In order to volunteer, Paula Y. overcame sad memories of her childhood cat that she didn’t get back from the pound. Now, Paula plays a pivotal role to support programs at Multnomah County Animal Services that save lives and change systems by transporting animals to rescues and adoption partners, supporting spay & neuter surgeries, and fostering kittens, geriatric, and FeLV positive cats.
Paula’s Lost Cat
When Paula was six or seven years old, her family cat- who slept indoors but spent the day outside- went missing. Someone had picked up the cat and brought it to the pound, who called Paula’s family. Back then, the standard practice at many animal shelters was to hold animals for a set period of time before they were euthanized. In this case, Paula’s family had three days, and her mother let them know that she didn’t have a car, and would need some time to arrange transportation. Near the end of the third day, Paula arrived with her mother at the animal shelter to pickup their cat, only to learn that their cat had been euthanized. Paula and her mother were devastated. It was a traumatic experience that shaped Paula’s views and expectations for animal shelters, and she carried it with her throughout her life.
Thirty years later, Paula was the contact person for a friend’s cat, who was picked up and brought to Multnomah County Animal Services, which had taken over animal control duties from Oregon Humane Society in 1973. Shelter staff called Paula, and expressed concern that the cat may not make it if not picked up soon. Paula remembered what happened when she was young, and panicked that the cat was at the pound. She contacted her friend, and rushed to MCAS, where they were able to reclaim the cat. At the time, Paula expressed interest in volunteering, but recalls there wasn’t a warm reception to the idea, possibly because volunteer opportunities weren’t widely available.
After retirement in 2007, Paula wanted to seriously explore volunteering in animal welfare. She visited MCAS again, and took note of many changes since her last visit. Paula remembers walking through the kennels, and thinking “I can’t take all of you home, but I can sure volunteer to help you out.” The next Saturday, Paula attended volunteer orientation.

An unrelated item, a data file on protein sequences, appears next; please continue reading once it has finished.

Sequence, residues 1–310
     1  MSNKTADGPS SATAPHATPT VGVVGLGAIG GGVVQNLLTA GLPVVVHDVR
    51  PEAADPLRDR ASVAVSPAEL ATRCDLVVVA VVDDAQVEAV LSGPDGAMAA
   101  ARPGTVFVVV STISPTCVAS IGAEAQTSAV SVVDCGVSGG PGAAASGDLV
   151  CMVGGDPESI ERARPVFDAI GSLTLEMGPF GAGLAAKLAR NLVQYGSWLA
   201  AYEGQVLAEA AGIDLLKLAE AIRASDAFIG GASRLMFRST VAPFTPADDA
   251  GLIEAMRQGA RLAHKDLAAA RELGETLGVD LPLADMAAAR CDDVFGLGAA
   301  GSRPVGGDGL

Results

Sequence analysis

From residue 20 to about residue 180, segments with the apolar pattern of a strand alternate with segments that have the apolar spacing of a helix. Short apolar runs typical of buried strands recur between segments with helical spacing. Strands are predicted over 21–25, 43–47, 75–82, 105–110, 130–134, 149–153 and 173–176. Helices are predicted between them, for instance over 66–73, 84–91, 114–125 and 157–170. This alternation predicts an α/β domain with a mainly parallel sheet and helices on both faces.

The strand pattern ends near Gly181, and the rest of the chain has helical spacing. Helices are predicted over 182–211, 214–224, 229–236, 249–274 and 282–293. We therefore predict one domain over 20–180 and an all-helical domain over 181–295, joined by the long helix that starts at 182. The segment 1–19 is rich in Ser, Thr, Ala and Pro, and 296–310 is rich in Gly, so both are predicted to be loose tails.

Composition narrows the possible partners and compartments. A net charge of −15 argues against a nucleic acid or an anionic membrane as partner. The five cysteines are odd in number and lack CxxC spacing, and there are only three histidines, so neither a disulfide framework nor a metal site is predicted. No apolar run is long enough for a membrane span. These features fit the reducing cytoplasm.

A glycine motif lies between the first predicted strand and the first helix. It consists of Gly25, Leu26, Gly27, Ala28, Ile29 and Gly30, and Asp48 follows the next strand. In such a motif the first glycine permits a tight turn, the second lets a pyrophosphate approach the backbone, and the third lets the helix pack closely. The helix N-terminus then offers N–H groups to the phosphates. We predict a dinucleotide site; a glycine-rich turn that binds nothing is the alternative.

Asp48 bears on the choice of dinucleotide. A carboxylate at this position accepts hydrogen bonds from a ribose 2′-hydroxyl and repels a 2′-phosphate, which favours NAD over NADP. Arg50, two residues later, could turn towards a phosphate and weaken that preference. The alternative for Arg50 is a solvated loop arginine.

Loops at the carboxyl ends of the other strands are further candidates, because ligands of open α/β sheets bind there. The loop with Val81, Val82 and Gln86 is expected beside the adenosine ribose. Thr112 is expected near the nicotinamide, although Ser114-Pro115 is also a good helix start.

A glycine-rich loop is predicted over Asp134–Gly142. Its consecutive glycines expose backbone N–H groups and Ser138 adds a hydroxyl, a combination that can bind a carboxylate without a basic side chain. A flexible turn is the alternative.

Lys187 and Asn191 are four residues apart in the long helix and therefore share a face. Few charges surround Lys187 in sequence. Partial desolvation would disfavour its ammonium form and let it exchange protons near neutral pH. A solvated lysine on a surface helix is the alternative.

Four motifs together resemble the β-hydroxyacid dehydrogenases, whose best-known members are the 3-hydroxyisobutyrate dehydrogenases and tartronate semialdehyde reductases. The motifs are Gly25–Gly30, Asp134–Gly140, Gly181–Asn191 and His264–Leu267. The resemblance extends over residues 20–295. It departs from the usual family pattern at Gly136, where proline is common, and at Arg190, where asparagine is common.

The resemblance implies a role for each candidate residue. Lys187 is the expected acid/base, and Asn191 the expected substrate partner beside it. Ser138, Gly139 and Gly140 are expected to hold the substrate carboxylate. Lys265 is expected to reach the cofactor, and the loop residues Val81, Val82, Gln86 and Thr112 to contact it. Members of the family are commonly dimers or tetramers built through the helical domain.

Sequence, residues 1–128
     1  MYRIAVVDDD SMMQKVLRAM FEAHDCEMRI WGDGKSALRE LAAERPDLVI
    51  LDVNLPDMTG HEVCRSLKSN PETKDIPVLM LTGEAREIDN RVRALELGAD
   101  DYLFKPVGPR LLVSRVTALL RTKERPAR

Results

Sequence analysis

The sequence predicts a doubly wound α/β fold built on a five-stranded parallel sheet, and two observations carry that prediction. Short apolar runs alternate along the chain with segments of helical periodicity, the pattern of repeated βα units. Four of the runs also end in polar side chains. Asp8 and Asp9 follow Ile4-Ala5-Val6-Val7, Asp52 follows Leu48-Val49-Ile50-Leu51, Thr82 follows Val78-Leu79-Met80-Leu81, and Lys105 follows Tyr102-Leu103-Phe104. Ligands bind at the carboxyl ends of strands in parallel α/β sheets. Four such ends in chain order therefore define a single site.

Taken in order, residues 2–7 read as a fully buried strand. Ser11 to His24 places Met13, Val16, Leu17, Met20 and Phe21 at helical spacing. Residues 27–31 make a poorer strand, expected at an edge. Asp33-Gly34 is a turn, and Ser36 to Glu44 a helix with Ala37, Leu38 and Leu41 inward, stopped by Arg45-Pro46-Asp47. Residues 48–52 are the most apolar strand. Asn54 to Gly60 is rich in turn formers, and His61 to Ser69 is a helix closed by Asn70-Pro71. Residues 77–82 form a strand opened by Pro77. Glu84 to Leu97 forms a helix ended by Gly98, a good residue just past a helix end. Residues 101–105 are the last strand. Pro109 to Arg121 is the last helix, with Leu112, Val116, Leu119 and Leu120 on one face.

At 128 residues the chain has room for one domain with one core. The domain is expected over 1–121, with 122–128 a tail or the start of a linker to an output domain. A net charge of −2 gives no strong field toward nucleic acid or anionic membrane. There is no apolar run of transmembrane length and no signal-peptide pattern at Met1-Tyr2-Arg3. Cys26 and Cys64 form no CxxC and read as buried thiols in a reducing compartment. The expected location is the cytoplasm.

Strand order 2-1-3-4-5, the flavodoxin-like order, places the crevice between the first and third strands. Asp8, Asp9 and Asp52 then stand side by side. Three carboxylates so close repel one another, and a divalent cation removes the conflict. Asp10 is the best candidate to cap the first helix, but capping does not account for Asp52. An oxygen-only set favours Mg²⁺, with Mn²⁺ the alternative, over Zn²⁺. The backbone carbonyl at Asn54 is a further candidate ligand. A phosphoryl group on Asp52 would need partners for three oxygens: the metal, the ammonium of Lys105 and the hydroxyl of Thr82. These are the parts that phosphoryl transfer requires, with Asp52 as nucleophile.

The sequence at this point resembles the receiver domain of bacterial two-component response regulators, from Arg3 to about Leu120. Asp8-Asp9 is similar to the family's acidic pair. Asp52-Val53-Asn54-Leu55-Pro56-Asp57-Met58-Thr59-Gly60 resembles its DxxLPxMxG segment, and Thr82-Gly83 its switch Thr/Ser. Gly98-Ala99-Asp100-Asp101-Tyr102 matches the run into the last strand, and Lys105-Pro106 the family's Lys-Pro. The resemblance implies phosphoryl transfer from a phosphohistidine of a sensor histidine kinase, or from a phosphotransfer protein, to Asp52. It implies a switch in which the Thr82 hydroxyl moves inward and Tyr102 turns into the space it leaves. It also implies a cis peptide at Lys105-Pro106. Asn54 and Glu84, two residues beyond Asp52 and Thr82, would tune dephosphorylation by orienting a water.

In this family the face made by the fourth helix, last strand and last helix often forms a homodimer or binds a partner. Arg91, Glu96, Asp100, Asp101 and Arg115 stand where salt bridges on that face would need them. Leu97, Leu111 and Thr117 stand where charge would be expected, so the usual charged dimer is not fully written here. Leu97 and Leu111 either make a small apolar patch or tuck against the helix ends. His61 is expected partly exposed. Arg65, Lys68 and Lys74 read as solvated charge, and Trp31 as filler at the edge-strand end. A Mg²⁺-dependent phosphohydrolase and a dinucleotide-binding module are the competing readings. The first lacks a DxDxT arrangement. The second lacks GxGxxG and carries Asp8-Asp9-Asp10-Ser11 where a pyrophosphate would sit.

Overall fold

Paula was asked to volunteer at the PetSmart adoption outreach, where she was mentored by Karen M., now the MCAS Feline Care Coordinator. In addition to serving as a high-traffic adoption destination, MCAS would send young, high-strung cats to PetSmart who weren’t thriving in the kennels at the shelter, and needed some extra socialization and TLC. Prior to a new kennel system being installed at MCAS, the cat habitats at PetSmart were more spacious than shelter kennels, with portals to combine enclosures, affording a little more room to de-stress.
Paula’s career was in special education, with a masters degree in Education, and Severely Handicapped Learner Certification. Behavior science was part of her training and work, and she took note that many of the same principles applied to socializing cats and kittens. They take a few step forwards, and a step back. Time and patience are some of the biggest factors to allow the cats to form positive associations with people, usually through food, affection, and close contact.
Laundry and Surgery
In addition to working with cats at PetSmart, Paula began to expand her volunteer roles. She began helping with laundry on Wednesdays. Paula enjoyed working behind the scenes at the shelter, where she got to know more of the staff members.
Paula also began volunteering to support spay & neuter surgeries on Wednesday morning, before doing laundry. She enjoys learning new things and working with the surgery team, Jacque D. and Tara S. “They have been so very welcoming to me as part of the team.”
Foster Home Ribbon Cutting
When Paula moved into her home in 2011, she was excited by the prospect of having a special room dedicated to hosting foster pets, where they could be separated from Paula’s pets. Similar to a house-warming party, Paula held a ribbon-cutting for the new special foster room, and invited shelter volunteers and staff to attend. But Paula discovered that she wouldn’t have a foster room- she would have an entire foster house.
The foster program at MCAS was just beginning to build up steam, and there was increasing capacity for MCAS to treat more animals with medical needs, thanks to foster volunteers like Paula. Additionally, capacity grew to care for hospice foster animals. Paula dedicated more separate spaces in her home for each niche.
Dr. Romney, Sue G., Molly J., and Roberta R. in the MCAS animal hospital trained Paula and other volunteers to administer fluids, give medication, and other basic care for foster animals with special medical needs, or those recovering from surgery.
Paula enjoys hosting interested adopters in her home, because it can be a destination that is closer than the shelter, and adopters get to see animals in an environment where they’re comfortable, or interacting with other pets in the home, as opposed to a kennel at the shelter.
Trap Neuter Return (TNR) and Kitten Triage
MCAS started a pilot program for trap neuter return, to help address growing stray and feral cat colonies in the community through outreach by trapping fertile cats, spaying or neutering them, and returning them to the location where they were trapped.